Widespread azendohsaurids (Archosauromorpha, Allokotosauria) from the Late Triassic of western USA and India

Article Type

Research Article

Publication Title

Papers in Palaeontology


Archosauromorph reptiles underwent rapid lineage diversification, increases in morphological and body size disparity, and expansion into new adaptive landscapes. Several of the primary early archosauromorph clades (e.g. rhynchosaurs) are easy to differentiate from others because of their characteristic body types, whereas the more lizard-like and carnivorous forms with long necks (e.g. tanystropheids) were historically all relegated to the groups Protorosauria or Prolacertiformes. However, it is now clear that these groups are polyphyletic and that a lizard-like, carnivorous form is plesiomorphic for Archosauromorpha, and multiple subclades started with that body plan. Among these early forms is Malerisaurus from the Upper Triassic of India (M. robinsonae) and the Upper Triassic of south-western USA (M. langstoni). In this paper, we critically re-evaluate the genus. We find both species of Malerisaurus as valid, and identify Malerisaurus as an early diverging, but late-surviving, carnivorous member of Azendohsauridae within Allokotosauria. Our histological analysis and assessment of ontogenetic changes of limb bones of small and large individuals demonstrate that the skeletons of the small forms grew slowly and became more robust through ontogeny, and that the larger recovered bones are at or near the maximum size of the taxon. Malerisaurus and Malerisaurus-like taxa were common members of the Otischalkian–Adamanian (late Carnian to mid-Norian) faunal assemblages from Upper Triassic strata of the south western USA, but they are absent from the younger Revueltian holochronozone. Specimens from western North America show that Allokotosauria had a near-Pangaean distribution for much of the Middle Triassic to Late Triassic.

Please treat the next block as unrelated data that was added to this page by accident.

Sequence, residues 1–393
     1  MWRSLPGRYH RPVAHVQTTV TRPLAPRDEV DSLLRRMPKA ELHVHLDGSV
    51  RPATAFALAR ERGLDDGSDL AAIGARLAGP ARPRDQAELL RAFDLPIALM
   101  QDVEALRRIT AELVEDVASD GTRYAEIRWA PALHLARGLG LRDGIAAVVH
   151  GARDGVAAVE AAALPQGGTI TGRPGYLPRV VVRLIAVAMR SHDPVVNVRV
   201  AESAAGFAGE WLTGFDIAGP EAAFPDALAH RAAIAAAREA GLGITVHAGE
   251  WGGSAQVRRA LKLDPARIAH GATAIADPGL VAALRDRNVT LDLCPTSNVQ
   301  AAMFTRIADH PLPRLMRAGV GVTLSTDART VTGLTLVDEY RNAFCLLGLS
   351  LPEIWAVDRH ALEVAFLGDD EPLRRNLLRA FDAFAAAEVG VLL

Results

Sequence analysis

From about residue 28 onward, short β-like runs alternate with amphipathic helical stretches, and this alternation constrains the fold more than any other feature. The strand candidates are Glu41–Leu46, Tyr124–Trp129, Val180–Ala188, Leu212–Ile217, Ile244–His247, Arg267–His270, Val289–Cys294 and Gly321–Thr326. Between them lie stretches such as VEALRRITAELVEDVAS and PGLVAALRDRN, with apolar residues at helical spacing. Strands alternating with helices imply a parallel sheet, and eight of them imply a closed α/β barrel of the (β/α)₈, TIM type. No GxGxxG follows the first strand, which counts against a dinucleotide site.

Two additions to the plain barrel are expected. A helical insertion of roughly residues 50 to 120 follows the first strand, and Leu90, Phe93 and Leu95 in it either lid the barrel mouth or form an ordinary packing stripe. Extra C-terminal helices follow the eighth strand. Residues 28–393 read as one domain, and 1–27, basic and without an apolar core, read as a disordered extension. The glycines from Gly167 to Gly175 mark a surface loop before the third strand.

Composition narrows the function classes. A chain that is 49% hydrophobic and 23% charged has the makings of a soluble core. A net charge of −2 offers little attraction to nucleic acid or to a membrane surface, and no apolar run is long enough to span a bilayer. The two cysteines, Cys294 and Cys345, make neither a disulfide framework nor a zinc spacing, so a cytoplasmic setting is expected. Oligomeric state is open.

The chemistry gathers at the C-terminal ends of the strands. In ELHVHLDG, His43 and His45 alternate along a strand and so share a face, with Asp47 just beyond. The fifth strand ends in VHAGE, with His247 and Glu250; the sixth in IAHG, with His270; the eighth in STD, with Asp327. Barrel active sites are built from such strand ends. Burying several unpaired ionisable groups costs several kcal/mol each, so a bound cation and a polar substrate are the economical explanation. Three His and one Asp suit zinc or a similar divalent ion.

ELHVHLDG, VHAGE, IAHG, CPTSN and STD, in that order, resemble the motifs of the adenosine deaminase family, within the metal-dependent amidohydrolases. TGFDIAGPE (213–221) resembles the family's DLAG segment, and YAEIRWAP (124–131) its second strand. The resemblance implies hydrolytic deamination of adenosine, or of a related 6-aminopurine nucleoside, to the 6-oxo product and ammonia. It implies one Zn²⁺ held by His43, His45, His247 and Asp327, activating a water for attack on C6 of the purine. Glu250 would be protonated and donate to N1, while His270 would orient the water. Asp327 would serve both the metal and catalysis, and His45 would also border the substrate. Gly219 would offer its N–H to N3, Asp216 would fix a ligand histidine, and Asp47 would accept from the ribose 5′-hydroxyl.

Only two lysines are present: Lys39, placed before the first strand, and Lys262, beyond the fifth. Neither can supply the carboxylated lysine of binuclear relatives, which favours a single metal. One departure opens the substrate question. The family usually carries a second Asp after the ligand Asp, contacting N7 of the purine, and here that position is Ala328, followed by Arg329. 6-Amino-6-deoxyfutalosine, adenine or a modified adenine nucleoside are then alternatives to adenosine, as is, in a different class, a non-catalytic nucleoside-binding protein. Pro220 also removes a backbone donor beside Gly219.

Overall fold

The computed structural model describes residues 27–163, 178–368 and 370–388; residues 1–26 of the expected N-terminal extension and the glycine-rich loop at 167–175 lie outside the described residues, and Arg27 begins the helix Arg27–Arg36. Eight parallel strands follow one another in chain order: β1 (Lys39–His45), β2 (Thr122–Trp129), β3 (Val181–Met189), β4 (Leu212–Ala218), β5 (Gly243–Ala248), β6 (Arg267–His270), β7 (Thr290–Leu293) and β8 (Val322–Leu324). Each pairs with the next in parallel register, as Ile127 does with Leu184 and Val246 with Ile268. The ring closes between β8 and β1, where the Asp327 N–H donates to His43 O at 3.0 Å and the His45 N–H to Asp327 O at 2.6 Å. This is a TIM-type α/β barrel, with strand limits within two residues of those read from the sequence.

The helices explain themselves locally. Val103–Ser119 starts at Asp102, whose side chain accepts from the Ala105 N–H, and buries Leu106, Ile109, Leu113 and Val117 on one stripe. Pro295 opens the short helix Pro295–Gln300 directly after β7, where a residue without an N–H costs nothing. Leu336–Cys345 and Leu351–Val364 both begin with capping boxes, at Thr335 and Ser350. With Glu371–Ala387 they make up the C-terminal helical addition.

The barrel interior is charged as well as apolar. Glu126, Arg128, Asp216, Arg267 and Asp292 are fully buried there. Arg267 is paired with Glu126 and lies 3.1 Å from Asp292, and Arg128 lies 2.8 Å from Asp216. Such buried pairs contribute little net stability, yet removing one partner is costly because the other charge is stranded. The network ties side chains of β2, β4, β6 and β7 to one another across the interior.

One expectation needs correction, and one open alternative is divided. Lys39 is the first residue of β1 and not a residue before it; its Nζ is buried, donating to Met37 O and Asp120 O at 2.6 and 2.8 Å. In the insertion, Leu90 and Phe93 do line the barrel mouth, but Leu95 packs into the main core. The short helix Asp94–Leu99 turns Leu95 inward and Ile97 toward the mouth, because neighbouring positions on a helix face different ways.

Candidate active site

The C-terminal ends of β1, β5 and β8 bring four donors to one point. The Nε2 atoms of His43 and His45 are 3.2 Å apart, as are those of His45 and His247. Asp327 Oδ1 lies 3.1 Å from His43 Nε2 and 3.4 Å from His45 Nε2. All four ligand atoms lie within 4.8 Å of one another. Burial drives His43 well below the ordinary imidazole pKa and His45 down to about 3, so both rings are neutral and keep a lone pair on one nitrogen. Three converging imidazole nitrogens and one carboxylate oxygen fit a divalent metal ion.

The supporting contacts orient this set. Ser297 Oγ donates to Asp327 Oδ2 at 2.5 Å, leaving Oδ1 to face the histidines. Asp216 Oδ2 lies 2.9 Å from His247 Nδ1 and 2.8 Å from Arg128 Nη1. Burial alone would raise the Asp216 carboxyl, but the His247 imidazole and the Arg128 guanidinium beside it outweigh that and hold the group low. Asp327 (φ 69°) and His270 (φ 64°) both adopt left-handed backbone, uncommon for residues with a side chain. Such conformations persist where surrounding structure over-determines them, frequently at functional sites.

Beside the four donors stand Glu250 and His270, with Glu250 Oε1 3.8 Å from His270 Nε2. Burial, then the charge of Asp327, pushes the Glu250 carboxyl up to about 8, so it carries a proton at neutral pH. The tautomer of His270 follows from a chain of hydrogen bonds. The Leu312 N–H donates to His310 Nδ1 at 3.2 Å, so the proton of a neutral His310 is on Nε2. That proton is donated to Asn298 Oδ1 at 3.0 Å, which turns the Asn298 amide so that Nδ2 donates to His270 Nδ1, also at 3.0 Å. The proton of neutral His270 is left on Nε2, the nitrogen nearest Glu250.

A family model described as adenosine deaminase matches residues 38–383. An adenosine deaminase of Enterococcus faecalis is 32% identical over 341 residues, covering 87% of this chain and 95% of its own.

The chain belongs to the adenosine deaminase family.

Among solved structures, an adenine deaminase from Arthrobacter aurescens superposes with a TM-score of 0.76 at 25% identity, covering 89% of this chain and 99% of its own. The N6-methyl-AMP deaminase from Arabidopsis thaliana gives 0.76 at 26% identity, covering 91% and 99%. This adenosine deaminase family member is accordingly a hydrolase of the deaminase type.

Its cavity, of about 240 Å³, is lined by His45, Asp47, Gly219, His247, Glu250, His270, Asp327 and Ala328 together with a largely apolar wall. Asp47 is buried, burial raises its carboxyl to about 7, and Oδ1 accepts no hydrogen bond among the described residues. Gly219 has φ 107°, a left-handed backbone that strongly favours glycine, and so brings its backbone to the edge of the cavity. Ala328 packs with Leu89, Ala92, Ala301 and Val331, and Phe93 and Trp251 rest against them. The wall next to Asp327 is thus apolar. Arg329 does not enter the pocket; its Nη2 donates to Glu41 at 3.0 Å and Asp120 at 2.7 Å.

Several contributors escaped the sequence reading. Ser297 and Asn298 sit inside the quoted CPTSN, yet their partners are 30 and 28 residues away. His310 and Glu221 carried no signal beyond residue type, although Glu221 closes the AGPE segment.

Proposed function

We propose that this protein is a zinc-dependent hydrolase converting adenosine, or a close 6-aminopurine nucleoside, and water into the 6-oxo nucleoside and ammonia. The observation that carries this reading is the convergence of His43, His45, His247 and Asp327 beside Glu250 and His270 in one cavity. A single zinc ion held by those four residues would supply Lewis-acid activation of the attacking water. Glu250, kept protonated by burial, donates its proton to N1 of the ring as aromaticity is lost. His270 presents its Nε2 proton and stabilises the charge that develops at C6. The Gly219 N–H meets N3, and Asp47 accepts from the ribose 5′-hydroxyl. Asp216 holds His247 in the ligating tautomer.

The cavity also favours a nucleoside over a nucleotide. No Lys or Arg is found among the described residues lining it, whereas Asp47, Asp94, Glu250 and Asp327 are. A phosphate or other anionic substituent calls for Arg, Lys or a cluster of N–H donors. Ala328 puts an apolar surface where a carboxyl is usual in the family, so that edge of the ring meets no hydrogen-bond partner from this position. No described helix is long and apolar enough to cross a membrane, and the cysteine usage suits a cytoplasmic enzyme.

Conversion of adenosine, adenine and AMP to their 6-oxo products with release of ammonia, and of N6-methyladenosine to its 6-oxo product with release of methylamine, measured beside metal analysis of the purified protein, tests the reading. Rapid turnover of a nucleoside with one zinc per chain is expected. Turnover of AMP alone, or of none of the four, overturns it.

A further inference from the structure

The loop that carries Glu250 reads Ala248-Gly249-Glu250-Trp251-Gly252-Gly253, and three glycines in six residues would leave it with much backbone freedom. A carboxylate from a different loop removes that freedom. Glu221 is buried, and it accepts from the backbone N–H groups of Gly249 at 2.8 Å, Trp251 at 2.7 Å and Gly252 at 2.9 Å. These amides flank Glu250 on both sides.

Publication Date



Open Access, Bronze

This document is currently not available here.